Swainson's Thrush (Catharus ustulatus)

Before I could go home to catch up on some sleep I attended a book signing at the Walnut Grove Library with three other Langley authors. My second book, The Langleys is almost sold out with just seventy copies of the original three thousand remaining. The event celebrated the library's and the Walnut Grove Recreation Centre's 20th anniversary. It was a long day and now fourteen hours later it's time to go home. Thanks and good birding.

It's never too late to start birding"
John Gordon

Friends of Semiahmoo Bay Society Volunteer Reception

I am an honoured to provide this picture to help publicize the below event. It should be a lot of fun rain or shine. See you there.

Tuesday 7 October 2014

Mountain Birding

Oct 6 2014 Cypress Mountain Vancouver BC
The alarm went off at 5 a.m and again fifteen minute later. I'm a breakfast person so after a bowl of Weetabix, marmalade on toast and a piping hot cup of tea (the morning papers would have to wait) I was ready to battle the early morning Vancouver rush hour. The drive from Cloverdale to Vancouver can be brutal even at 6 a.m in the morning!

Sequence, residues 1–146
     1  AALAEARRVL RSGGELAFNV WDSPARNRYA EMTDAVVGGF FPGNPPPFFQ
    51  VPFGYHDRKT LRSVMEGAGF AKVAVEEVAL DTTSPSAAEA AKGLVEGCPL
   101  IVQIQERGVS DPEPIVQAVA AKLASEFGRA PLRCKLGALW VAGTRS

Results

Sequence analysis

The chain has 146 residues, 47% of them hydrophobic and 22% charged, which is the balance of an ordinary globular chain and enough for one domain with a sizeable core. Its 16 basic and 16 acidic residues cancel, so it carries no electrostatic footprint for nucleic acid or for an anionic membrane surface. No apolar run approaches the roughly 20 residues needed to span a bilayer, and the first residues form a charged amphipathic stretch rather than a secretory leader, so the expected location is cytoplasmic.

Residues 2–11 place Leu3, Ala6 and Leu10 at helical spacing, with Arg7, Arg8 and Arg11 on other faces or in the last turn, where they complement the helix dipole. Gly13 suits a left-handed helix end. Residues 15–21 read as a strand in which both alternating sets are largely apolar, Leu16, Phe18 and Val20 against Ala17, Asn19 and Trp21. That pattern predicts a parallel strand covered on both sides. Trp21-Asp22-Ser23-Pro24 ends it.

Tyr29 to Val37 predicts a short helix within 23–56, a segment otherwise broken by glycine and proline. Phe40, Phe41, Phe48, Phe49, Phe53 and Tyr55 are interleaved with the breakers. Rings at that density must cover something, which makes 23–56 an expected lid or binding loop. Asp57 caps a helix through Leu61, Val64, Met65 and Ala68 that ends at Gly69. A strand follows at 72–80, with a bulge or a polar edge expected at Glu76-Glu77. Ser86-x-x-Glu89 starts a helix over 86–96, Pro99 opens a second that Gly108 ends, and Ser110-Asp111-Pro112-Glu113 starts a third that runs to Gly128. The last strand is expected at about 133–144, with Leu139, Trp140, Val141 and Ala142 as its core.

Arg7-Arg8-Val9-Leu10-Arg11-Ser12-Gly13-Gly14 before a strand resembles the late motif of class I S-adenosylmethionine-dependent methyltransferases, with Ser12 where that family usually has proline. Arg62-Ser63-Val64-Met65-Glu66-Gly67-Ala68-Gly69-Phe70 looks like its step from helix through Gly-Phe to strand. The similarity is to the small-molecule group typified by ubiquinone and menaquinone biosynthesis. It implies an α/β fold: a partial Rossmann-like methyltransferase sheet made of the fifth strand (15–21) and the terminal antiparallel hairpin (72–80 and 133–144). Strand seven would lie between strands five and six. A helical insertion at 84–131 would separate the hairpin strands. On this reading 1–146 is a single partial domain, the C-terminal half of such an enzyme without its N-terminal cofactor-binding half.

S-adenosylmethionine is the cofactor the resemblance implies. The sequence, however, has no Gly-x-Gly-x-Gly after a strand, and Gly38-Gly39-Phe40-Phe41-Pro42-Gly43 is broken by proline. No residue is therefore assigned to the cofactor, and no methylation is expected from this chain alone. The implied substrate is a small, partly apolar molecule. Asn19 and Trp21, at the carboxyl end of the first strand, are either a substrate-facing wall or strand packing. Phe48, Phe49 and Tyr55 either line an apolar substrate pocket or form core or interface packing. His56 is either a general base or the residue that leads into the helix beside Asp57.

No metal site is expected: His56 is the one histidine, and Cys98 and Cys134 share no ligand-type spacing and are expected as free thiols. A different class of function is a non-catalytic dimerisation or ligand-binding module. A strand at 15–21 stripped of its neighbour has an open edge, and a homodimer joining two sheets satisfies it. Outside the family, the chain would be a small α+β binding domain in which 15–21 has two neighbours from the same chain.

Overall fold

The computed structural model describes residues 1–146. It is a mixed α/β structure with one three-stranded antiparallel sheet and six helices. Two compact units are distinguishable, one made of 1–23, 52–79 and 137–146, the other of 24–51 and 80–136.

On our arrival, Cypress Mountain was cloud hidden. The climb was gentle if not a little heart pounding. A Merlin was the first highlight. On the very first switchback we spotted the bird we had hoped to see, the Northern Pygmy Owl #1. What a beautiful bird, so small, it weighs just 2.5 ounces and stands 6.75 inches high. The owl looked at us, its head bobbing around and moving from side to side and then, in a split second, it was gone. A diurnal owl or a daytime hunter, its prey, chickadees or juncos scattering into the thickets as it flew past us.

Northern Pygmy Owl #1. Some of us think this owl is a different bird than the we photographed later.

After catching our breath from the exertion and the excitement of seeing such a rare bird it was onward and upward to see if the forest would reveal more wonders for our party. The owl was a 'Lifer for me as well for quite a few of our group. We continued our climb up Cypress Mountain in anticipation.

Northern Pygmy Owl #2 (Glaucidium gnome)
Sharp-shinned Hawk  (Accipiter striatus)

At the first lookout we rested. It wasn't long before a Steller's and several Gray Jays put in an appearance.  Their antics kept us amused for quite a while, that is until what we believe to be another owl (slightly different markings) landed on a tree several hundred metres away. A Sharp-shinned Hawk also put in an appearance.
Steller's Jay (Cyanocitta stelli)